Green Seagull Christmas Single Review

Artwork by Sara Gossett

Words by Jack Hopkin

So you’re preparing your groovy seasonal playlist, and, being the hip scenester you (no doubt) are, you’re enlisting the services of trivialised troubadours, under-appreciated underdogs and misprized minstrels. The chilly chanteuses with their hidden gem recordings, commonly eschewed and neglected in favour of yet more airplay for Wham! and Wizzard Steeleye Span’s ‘Gaudete’? Check. Bert Jansch’s ‘In The Bleak Midwinter’? Essential, I hear you chortle.  The Door’s ‘Wintertime Love’? A bit of a stretch, but given the gap in the market for psnowy psychedelia, we’ll allow it.

After all, both classic and modern day psych groups are trapped in the ‘California Dreamin’ mentality of wishing the winter away. Blue skies and fresh flowers may make for more appealing backdrops for trippy dreamscapes than the arctic tundra, and, after all, the Summer of Love did give way to a winter of discontent. That said, come December, it can be a bit grating as a psych fan to listen to lyrics pertaining to good day sunshine when your extremities are at very real risk of being chewed off by that old pervert scourge, Jack Frost (no relation, I assure you.)

Thankfully, London’s prime neo-psych outfit, Green Seagull, have set out to plug this gap with their beautiful new Christmas single ‘First Snow of Winter/God Rest Ye Merry Gentlemen’. Released earlier this month, both sides of this 45 are classic additions to Green Seagull’s acclaimed psychedelic oeuvre.

Green Seagull

2018 has been a vital year for Green Seagull. Whilst the group, consisting of Paul Nelson, (formerly of New Electric Ride) Paul Milne, (ex Hidden Masters and Magnetic Mind) Sarah Gonputh and Elian Dalmasso, have been together since 2016, it was earlier this year that their debut album, ‘Scarlet Fever’, was released on Mega Dodo Records to critical acclaim and rave reviews.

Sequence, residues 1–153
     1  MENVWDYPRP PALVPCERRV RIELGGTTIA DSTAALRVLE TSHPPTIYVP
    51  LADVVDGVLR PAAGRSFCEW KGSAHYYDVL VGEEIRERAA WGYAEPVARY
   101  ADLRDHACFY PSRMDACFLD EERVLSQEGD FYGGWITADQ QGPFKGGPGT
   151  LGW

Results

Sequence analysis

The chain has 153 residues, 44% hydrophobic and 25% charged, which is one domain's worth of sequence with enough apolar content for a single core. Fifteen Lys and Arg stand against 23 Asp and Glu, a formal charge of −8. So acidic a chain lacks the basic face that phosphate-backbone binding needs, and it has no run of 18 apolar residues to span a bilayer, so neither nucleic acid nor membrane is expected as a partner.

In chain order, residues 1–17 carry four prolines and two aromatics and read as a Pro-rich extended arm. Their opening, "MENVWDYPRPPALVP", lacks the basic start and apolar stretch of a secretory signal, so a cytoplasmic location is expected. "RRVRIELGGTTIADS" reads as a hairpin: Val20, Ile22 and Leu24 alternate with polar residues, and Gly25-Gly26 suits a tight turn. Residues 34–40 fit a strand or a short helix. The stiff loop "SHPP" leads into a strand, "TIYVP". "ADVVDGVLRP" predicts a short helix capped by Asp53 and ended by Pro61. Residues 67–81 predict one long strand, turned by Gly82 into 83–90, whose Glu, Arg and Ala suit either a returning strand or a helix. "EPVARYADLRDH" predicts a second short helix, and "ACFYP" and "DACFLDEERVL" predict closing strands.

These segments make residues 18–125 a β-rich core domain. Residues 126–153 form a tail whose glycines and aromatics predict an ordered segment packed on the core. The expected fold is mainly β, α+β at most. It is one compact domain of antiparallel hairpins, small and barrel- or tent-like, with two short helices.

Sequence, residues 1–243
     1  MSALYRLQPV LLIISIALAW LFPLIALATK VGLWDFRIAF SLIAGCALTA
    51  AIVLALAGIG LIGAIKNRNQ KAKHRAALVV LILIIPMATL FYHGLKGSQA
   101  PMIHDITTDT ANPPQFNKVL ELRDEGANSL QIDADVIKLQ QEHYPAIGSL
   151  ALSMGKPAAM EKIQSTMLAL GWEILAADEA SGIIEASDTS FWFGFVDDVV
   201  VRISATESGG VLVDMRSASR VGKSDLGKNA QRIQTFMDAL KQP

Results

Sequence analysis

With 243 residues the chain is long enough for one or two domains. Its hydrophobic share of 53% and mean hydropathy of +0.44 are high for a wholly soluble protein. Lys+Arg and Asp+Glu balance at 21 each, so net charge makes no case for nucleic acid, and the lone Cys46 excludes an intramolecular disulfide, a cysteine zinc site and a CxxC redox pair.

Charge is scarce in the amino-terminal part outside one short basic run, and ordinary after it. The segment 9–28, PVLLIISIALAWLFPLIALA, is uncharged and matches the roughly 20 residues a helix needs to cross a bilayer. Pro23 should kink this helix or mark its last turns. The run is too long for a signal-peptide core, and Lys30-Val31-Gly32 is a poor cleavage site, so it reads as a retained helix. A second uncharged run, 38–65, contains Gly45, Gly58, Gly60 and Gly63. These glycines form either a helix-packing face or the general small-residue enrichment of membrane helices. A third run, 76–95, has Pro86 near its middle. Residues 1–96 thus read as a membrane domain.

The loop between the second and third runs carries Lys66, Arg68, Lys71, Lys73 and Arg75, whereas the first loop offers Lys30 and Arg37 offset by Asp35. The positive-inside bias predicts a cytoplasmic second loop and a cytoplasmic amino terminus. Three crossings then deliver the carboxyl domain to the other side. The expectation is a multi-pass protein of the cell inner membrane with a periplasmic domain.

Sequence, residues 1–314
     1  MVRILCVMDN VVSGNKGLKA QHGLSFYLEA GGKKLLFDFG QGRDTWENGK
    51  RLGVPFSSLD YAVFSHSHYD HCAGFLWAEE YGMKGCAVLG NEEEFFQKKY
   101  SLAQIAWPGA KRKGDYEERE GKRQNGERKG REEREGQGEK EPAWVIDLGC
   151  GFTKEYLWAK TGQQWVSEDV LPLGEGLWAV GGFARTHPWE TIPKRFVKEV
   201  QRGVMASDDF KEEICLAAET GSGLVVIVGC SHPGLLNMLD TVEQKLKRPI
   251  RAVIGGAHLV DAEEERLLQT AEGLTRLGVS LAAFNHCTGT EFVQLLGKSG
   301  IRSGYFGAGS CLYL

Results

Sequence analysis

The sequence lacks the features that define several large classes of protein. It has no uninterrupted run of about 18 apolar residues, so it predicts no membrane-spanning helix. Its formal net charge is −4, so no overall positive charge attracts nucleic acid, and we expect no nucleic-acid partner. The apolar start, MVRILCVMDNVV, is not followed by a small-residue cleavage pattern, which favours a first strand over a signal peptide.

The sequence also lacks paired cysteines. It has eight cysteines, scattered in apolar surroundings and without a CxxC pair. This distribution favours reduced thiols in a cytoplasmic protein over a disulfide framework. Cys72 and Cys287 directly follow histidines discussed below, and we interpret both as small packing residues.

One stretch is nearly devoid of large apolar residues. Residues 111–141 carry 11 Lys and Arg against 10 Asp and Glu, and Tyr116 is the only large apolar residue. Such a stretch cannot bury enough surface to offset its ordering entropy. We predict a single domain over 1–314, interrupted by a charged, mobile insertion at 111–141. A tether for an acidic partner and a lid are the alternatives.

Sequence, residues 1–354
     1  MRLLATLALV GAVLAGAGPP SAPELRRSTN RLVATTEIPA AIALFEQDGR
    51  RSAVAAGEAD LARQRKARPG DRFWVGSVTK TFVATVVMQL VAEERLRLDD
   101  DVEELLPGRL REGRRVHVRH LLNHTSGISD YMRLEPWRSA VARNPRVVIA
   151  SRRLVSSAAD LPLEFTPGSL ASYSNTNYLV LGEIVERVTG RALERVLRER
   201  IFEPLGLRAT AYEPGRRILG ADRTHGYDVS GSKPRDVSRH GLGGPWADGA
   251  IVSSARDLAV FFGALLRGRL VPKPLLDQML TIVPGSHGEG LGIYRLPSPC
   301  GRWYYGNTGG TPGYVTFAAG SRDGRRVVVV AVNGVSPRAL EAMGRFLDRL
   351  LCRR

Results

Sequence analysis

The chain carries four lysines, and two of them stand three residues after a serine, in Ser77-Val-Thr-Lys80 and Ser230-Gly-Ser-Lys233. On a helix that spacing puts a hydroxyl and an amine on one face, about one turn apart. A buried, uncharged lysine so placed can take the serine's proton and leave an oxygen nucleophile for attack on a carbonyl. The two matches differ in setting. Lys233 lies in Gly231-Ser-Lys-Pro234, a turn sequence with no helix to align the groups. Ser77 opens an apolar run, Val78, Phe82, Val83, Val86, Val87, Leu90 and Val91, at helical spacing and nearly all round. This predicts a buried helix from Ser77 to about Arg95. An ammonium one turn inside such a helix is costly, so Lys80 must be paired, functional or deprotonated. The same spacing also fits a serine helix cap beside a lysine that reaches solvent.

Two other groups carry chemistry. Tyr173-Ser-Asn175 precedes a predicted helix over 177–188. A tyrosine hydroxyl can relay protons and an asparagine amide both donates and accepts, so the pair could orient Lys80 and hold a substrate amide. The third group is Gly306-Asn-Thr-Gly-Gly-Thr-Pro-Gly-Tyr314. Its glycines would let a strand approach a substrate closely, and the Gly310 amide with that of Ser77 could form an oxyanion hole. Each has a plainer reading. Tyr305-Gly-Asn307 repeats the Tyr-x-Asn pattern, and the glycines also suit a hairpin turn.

‘First Snow of Winter’, with it’s baroque structure, silk smooth West Coast vocal harmonies and jangling, tinsel guitars, could well be a long-lost recording by the Strawberry Alarm Clock, the ‘Pretty Song from Psych Out’ tailored for an English winter rather than a San Franciscan summer. It should be stressed, however, that this ode to everyone’s favourite frosty phenomenon is by no means a Christmas song and as such is free of the kitschy over sentimentality of most perennial favourites. Rather, the lyrics depict the passage of the season, spanning from the titular first snows to the eventual bloom of the first flowers of spring from beneath winter’s frozen facade.

Green Seagull, you’ll be pleased to know, retain their moody, atmospheric sound on this original composition. The result is a heady, quixotic, pseudo-Elizabethan slice of unique psychedelia sure to delight fans of ‘Aftermath’ era Stones, Country Joe & The Fish, the Fallen Angels, and others of their cosmic stable. Yet, comparisons are largely futile – unlike a number of other neo-psych groups, Green Seagull are not derivative, showcasing an affection for 1960’s psychedelia that doesn’t descend into outright mimicry. They wear their influences proudly on their sleeves but are by no means a tribute band rehashing old glories.

The B-side is an impressive feat in itself. Who knew that the festive standard, ‘God Rest Ye Merry Gentlemen’, could sound so refreshingly hallucinatory? The lysergic gloss of Green Seagull’s uptempo interpretation imbues this age-old arrangement with a sense of unpredictability and a hint of dormant menace. After all, for every visitation courtesy of Father Christmas, scientists claim, there are three undertaken by Krampus. Green Seagull’s ‘God Rest Ye Merry Gentlemen’ is moreso a liberation than a simple cover and is not to be missed.

One of three singles released as part of the sixth edition of the Snowflakes Christmas Singles Club (the other two courtesy of London band Oh! Gunquit and Bristol singer-songwriter Rachael Dadd), ‘First Snow of Winter’/‘God Rest Ye Merry Gentlemen’ is limited to a run of 320 copies, each pressed on snow white vinyl. I hope it’ll make its way into your home and your head. Just be careful not to smudge that pristine white finish with jam fingerprints.

Green Seagull are in the process of recording a second album and are also set to support the legendary 1960’s garage psych group the Seeds next April. Definitely a band to keep your third eye on – but in the meantime, here’s hoping for a green Christmas.

Get the single digitally or on limited edition snow white vinyl here

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